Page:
Lankum are keeping that tradition going, but Lynch has hinted in the past that Irish audiences weren’t initially all that receptive to the band – “It was only after the UK kicked in that Irish people started paying attention,” he once told the Irish Examiner.

“People have a certain amount of shame that’s attached to Irish culture,” Lynch suggests. “I think it’s very much a post-colonial thing. I think it’s something that people were dreadfully embarrassed by. Even talking about the songs and the Irish language, a lot of people feel funny about it. There’s a baggage there that people haven’t quite come to terms with.”

This is something Lynch believes is changing with the younger generation, citing artists like The Mary Wallopers, Lisa O’Neill, Junior Brother and John Francis Flynn, but his suggestion that there’s baggage with his nation’s culture is most likely an astute observation. Often bands, or indeed anyone who’s looking to the past to some degree, can get lost in a rose-tinted view of the past, and a narrow-minded form of nationalism that can come with it.

It’s therefore notable that Lankum are a band conscious of contemporary issues, not to mention the defiant legacy of folk. They have songs addressing recession and war, they’ve played benefit concerts and been involved in a campaign to repeal abortion legislation in Ireland, and when the Pope visited, they took part in a protest, singing ‘The Granite Gaze’ about the legacy of the Catholic Church.

 

Lynch and his brother Daragh, the band’s founding members, initially called the band Lynched after their surname, but renamed in 2016 to avoid associations with the practise of lynching. An accompanying statement read: “We will not continue to work under our current name while the systemic persecution and murder of black people in the USA continues.”

This political expression, Lynch explains, partly derives from he and his brother’s involvement in the DIY hardcore punk scene in Dublin. “There were always a lot of benefits and stuff going on,” he tells us. “It was always quite active on the radical politics side of things. I suppose it’s carrying on from that, it makes sense to us. For us, a lot of these older songs hark back to a time when people singing about their grievances in society and the hardships they were going through was sometimes the only recourse they had, the only form of protest they had. Even if the songs aren’t overtly political I think they can be seen as a political act in themselves.”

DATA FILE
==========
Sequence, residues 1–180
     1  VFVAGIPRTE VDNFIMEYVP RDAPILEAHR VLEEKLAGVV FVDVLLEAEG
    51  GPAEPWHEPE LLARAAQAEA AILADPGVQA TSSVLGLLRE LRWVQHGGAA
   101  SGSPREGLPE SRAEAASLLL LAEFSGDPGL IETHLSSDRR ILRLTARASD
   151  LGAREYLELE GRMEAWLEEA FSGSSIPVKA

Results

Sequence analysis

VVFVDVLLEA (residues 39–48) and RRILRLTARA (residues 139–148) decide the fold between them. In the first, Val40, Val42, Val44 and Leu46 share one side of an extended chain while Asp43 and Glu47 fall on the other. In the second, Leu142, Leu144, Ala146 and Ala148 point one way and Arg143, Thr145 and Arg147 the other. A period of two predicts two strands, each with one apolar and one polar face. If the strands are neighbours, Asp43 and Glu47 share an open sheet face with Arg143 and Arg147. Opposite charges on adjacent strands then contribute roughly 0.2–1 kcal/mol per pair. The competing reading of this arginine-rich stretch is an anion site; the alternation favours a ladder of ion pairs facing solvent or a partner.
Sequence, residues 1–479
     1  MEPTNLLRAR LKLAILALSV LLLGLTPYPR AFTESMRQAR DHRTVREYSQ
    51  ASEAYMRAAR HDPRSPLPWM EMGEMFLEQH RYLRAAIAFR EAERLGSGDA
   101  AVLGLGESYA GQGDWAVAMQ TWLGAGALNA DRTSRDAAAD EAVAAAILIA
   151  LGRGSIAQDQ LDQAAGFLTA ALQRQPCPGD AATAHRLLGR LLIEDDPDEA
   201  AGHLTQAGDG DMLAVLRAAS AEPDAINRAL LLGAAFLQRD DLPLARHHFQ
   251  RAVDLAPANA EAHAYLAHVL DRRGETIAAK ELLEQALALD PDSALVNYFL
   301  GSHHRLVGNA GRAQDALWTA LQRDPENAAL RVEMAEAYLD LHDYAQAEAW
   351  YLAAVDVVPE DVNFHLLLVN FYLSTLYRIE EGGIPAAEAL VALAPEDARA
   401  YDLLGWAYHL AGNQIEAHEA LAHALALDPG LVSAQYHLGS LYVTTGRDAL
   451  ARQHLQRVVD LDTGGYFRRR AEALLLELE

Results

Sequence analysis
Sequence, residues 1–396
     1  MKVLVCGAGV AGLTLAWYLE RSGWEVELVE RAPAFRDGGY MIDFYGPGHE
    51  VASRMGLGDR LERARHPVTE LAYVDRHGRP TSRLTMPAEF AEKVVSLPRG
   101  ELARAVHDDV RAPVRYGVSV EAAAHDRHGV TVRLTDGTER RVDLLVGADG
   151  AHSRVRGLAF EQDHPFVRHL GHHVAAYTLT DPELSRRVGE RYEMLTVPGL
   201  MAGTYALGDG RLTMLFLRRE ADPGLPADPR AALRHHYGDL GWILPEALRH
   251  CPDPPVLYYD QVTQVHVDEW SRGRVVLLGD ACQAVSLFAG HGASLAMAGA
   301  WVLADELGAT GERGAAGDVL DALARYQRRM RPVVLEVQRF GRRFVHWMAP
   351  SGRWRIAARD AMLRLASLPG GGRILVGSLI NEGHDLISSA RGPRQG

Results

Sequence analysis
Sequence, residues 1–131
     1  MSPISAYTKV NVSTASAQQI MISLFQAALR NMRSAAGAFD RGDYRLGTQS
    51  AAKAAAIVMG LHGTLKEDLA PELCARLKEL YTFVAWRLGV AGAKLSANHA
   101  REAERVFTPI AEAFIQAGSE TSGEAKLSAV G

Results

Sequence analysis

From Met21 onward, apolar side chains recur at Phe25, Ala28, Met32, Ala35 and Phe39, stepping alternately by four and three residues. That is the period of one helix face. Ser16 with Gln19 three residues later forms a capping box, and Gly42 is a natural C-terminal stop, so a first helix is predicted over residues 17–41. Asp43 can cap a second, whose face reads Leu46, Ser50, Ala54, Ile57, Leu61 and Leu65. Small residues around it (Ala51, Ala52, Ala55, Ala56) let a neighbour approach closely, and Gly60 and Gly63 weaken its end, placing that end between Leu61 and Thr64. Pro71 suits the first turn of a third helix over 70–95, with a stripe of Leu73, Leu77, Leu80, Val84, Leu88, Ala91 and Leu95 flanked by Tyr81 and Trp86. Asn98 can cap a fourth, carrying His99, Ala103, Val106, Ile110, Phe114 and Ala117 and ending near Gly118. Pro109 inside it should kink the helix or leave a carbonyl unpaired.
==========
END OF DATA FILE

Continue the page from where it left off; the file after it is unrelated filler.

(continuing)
The band have never seen a need to put forward their politics, but it seems to come naturally to them. “We wouldn’t sit down and say ‘we need to sing a song about WWII, let’s do ‘The Peat Bog Soldiers’,’” Lynch explains. “It’s more a case that we hear it and go ‘that’s amazing.’ The fact that that song was written in a concentration camp by communist prisoners, there’s so much to it, so much feeling in it. It resonates with us on that kind of level. It’s more to do with the feeling of the song because of the background.”

“I think it’s important to speak your truth and be true to what you believe in,” Lynch admits. “Sometimes people say it’s your responsibility as a musician to speak about certain issues but I don’t think people making music have any responsibility except to themselves. You can make whatever art you feel compelled to make, no matter what it is. You shouldn’t be beholden to anybody else’s ideas or expectations. You should just go with your gut feeling and do the right thing. I’m very careful about making statements but it kind of ends up happening anyway naturally and that’s fine. But I don’t worry about it too much, I don’t feel compelled to do that.”

Speaking to us from his home during lockdown, Lynch also expresses his disappointment at having missed out on the opportunity to perform at festivals this Summer, particularly this year’s Roadburn and Supersonic (“two festivals we’ve been dreaming of playing”), but has been using the time at home productively. He has a radio show, is working on a podcast and also set up a YouTube channel for sharing simple recordings of traditional songs, often backdropped by derelict industrial environments.

“Hopefully we’ll use this period to start coming up with material for a new album,” he adds. “I think we want to get started on that as soon as possible. There’s rumours about maybe doing some soundtrack work which I’m excited about but apart from that I’m just keeping going on my personal projects, which are keeping me sane.”

Despite the situation, and his obvious disappointment at missing out on exciting opportunities, Lynch remains upbeat. “It’s not looking good for gigs before the end of the year the way things are going,” he admits. “So we’re looking forward to next year, hoping that we’ll still get to play festivals then. We’re not sure how that’s gonna work but hopefully we get to play Roadburn, Supersonic and a lot more. Everyone will be dying to get out and see some live music when it’s all over I imagine.”

Too fucking right we will.

The Livelong Day is out now. Order here.

Words: George Parr